Mat-Su Valley Historic Park or Site

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Historic Park or Site

In the 1950s, an Anchor­age fam­i­ly worked tire­less­ly at their dream of build­ing a ski resort here at the base of Gun­sight Moun­tain. They built a small chalet and erect­ed a rope tow. But financ­ing was always a prob­lem. Busi­ness did not boom. Today, the chalet is all that’s left of their efforts.

His­to­ry, fun, and mas­sive por­tions of food come togeth­er at this insti­tu­tion, which was built over 3 years start­ing in 1914. Aside from stop­ping by for a bite to eat, you can book accom­mo­da­tions at the Tal­keet­na Road­house. Choose from a vari­ety of cozy rooms in the main road­house and wake up the smell of fresh baked goods from the Kitchen in the morn­ing. Or, for a more pri­vate expe­ri­ence, book one of the cab­ins out back or the Muse­um Apartment  ...more

Don’t miss the old trap­per’s cab­in at Byers Lake. Most Sour­doughs — that means old-time Alaskans — don’t even know it’s there. Hid­den in trees along the lakeshore trail, the old Bee­man cab­in stands as a reminder of sim­pler times. Peek in the win­dows and imag­ine liv­ing there all win­ter. Now part of Denali State Park, it’s an easy 10-minute walk from the main park­ing lot.

Sur­prise! This bridge over the Susit­na Riv­er appears with­out warn­ing, so if you want to stop and see this huge drainage, slow down and pull off the road at either end. Alaskans call it the Big Su. We fish it, pad­dle it, and snow machine its frozen braids. Bush pilots even nav­i­gate by this riv­er. The Susit­na Riv­er winds its way over 313 miles of South­cen­tral Alas­ka; this old rail­road bridge cross­es the water on the east­ern edge of Denali…  ...more

Descrip­tion­Lo­cat­ed between the Chugach and Tal­keet­na Moun­tain ranges, The Alpine His­tor­i­cal Park pro­vides com­mu­ni­ty mem­bers, as well as vis­i­tors from far or near, a look back in time to under­stand the her­itage and cul­tures of the ear­ly set­tlers of this area. The Park is a place for fam­i­ly and com­mu­ni­ty mem­bers, often being used for gath­er­ings, par­ties, busi­ness events, com­mu­ni­ty pic­nics and many oth­er events, as there is no com­mu­ni­ty cen­ter in…  ...more

Palmer may look like it grew organ­i­cal­ly, like any oth­er town. But it was actu­al­ly designed by the gov­ern­ment as a planned agri­cul­tur­al com­mu­ni­ty. In fact, Palmer was part of FDR’s New Deal Reset­tle­ment Projects dur­ing the Great Depres­sion: More than 200 fam­i­lies vol­un­teered to move to Alas­ka to try farm­ing in the Last Frontier!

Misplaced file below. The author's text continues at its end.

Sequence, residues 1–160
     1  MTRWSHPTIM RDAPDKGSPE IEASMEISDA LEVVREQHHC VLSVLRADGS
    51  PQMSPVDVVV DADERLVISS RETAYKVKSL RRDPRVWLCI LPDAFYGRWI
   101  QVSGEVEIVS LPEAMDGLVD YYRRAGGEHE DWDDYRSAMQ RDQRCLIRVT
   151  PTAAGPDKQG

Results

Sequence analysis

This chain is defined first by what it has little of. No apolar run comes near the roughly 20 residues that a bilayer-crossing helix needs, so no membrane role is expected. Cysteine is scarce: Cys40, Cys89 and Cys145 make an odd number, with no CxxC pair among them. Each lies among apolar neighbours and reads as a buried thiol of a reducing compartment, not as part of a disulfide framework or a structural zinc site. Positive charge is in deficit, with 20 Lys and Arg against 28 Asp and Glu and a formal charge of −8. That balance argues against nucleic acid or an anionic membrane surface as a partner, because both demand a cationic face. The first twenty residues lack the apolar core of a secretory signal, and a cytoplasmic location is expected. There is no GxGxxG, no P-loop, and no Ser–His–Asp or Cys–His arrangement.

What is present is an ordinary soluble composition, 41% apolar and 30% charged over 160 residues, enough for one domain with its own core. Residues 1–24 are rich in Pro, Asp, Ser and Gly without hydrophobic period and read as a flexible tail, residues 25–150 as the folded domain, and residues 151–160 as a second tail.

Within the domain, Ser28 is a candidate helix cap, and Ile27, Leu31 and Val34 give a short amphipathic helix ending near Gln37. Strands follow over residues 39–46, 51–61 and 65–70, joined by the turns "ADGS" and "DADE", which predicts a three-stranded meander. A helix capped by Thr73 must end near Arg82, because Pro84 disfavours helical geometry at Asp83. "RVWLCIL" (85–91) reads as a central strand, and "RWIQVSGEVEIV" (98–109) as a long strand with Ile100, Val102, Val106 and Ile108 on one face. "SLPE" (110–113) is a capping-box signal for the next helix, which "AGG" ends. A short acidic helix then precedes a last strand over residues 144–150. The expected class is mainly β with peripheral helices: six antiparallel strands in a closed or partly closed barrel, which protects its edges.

What was it like to be an Alaskan sci­en­tist back in the 1940s? This site, on the south side of Palmer’s down­town, near Gulka­na and E. Fire­weed streets, will give you a pret­ty good idea. Back then, this two-sto­ry cement build­ing, the eight sim­ple cot­tages, and the arbore­tum were built by the Uni­ver­si­ty of Fair­banks and used by researchers study­ing how to increase pro­duc­tiv­i­ty in cold-weath­er crops.

Right next to the Tal­keet­na His­tor­i­cal Soci­ety, this orig­i­nal trap­pers cab­in” gives you an inte­ri­or look at traps, antique tins, a wash­tub, and furs, offer­ing a sense of how these pio­neers lived. And Olé is quite the char­ac­ter: he came to Alas­ka in 1916 and worked as a log­ger, sur­vey­or, and gold min­er. His grand­kids still attend the local schools.

Difficulty: Easy

At its peak, the Inde­pen­dence hard-rock gold mine was home to 206 work­ers and 16 fam­i­lies who lived high above tree line. Dig­ging and blast­ing, these work­ers recov­ered 140,000 ounces of gold before the mine shut down in the wake of World War II. There are 1.5 miles of paved walk­ways through­out the site, with infor­ma­tion­al plac­ards for a self-guid­ed tour. 

Difficulty: Difficult

If you have some seri­ous time and seri­ous ener­gy, take an adven­ture: hike the 20 miles out the Chase Trail to see what’s left of a lux­u­ry hotel built as a lay­over for the rail­road jour­ney between Seward and Fairbanks.

Opened in 1923 to accom­mo­date trav­el­ers on the new Alas­ka Rail­road, the small inn found fame (or noto­ri­ety) quick­ly: Pres­i­dent War­ren G. Hard­ing came for lunch, and died just a few days lat­er. Today, the hotel is com­prised of six recent­ly ren­o­vat­ed rooms as well as a bar and live music venue. You’ll hear every­thing from jazz and folk to open mic nights and seri­ous rock-n-roll. At the very least, do a walk-through to enjoy some local col­or and…  ...more

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